The value to which the cooling limit temperature can drop through evaporation depends directly on the "relative humidity". For example, if it is 20 percent, the air contains only a fifth of the amount of water vapor that it could store at this temperature, so a lot of sweat can still evaporate into the air. As a result, the cooling limit temperature that can be achieved through evaporation drops correspondingly low. At an initial air temperature of 40 degrees Celsius, it is 22 degrees. But even at a relative humidity of 40 percent, the cooling limit temperature is already 28 degrees.
High temperature alone is not a problem, it only becomes critical when the air humidity is high
And from here on it gradually becomes critical for the human heat balance. A sufficient amount of heat can only be given off to the environment if the cooling limit temperature generated by evaporation is well below the skin temperature. For a healthy person, this should not exceed 35 degrees Celsius.
As early as 2010, the two climate researchers Steven Sherwood and Matthew Huber described the potentially dangerous consequences of this thermodynamic fact in a publication in the journal "PNAS": High temperatures alone can homo sapiens withstand; However, it is not immune to high temperatures in combination with high humidity. Our body cooling fails above a certain cooling limit temperature. “The cooling limit temperature limit is the point at which you would overheat, even if you were naked, completely wet and standing in the shade in front of a large fan,” Sherwood is quoted in the science magazine “scinexx”.
According to Sherwood and Huber, this limit is 35 degrees. Even for a healthy person, staying in a place with a cooling limit temperature of more than 35 degrees Celsius is fatal after six hours at the latest.
Climate change: In 80 years, entire regions could become uninhabitable
Death from heat stroke in damp heat: As the two scientists warned, this up to now hardly noticed consequence of climate change could make whole areas uninhabitable by the end of the century at the latest - if the temperatures continue to rise as before.
Up to now, the cooling limit temperatures, even in the hottest zones on earth, have rarely climbed above 31 degrees Celsius. But even cooling limit temperatures of 28 degrees Celsius are already difficult to bear. Because even then the body can only give off a little heat; As a result, farmers, for example, run the risk of overheating or even heat stroke when working longer in the field. According to a recent study by Eun-Soon Im and colleagues in the journal “Science Advances”, however, the hotspots of high cooling limit temperatures are, of all places, in densely populated agricultural regions in the valleys of the Ganges in India and the Indus in Pakistan.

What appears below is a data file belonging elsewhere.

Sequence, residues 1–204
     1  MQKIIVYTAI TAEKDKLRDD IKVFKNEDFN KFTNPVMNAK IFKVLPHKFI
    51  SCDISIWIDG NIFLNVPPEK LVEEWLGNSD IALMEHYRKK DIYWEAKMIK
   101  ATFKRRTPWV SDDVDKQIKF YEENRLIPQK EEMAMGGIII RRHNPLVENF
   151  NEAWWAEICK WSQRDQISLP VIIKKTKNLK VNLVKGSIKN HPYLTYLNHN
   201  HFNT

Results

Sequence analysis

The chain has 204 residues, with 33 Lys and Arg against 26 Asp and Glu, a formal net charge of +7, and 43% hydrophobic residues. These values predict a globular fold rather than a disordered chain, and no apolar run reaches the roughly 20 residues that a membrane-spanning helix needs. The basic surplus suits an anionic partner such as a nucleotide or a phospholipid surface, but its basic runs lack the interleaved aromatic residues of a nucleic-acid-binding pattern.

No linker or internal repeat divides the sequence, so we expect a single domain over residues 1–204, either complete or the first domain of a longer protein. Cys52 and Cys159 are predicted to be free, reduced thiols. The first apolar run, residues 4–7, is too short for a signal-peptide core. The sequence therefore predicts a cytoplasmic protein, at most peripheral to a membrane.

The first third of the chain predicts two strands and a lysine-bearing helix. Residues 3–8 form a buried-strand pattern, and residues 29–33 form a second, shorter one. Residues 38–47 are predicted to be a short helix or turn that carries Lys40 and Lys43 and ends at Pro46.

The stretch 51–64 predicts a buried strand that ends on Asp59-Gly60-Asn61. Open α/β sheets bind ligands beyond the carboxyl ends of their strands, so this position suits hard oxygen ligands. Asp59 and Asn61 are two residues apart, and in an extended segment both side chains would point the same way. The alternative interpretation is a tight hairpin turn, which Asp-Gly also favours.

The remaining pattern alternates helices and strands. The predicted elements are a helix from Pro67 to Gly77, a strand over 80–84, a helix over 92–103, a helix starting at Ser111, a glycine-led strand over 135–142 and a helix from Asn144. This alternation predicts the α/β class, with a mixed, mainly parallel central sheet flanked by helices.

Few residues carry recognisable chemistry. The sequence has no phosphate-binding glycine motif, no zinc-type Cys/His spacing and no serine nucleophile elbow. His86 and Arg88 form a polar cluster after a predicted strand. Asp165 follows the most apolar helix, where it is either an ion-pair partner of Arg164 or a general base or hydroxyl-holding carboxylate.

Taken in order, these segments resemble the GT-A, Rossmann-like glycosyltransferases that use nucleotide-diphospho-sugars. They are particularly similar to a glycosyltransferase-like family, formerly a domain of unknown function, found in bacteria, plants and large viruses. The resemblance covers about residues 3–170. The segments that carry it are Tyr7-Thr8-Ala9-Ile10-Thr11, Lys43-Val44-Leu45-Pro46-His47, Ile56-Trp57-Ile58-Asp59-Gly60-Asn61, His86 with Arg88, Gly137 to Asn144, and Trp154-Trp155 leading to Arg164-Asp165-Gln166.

In the future, the "cooling limit temperature" should be taken for granted in the weather forecast
However, the most extreme humid heat waves in recent years hit regions around the Persian Gulf. During one of these heat waves, the air temperature in the Iranian city of Bandar Mahshahr rose to 46 degrees Celsius on July 31, 2015. It was moist sea air with a high relative humidity of almost 50 percent at this temperature. Around 4.30 p.m. local time, the cooling limit temperature therefore approached the threshold of 35 degrees Celsius. This is a clear warning that as a result of global warming, the cooling limit temperatures will also rise to values that people can no longer bear or can no longer bear at all.
Whole regions of the world could become uninhabitable, at least temporarily - and maybe earlier than feared. If this forecast is true, the living space for humans will not only shrink due to rising sea levels, but also due to damp heat waves. Presumably, in the second half of the 21st century at the latest, the specification of the cooling limit temperature will be just as much a part of the weather forecast in southern countries as is “normal” air temperatures today. And in the USA, too, people will soon have to get used to warnings of high “wet-bulb temperatures”: As a team of researchers led by Colin Raymond from Columbia University explained in the “Journal of Geophysical Research” in 2017, cooling limit temperatures are Over 28 degrees Celsius, especially in the Mississippi Valley up to the Great Lakes, is no longer a rarity.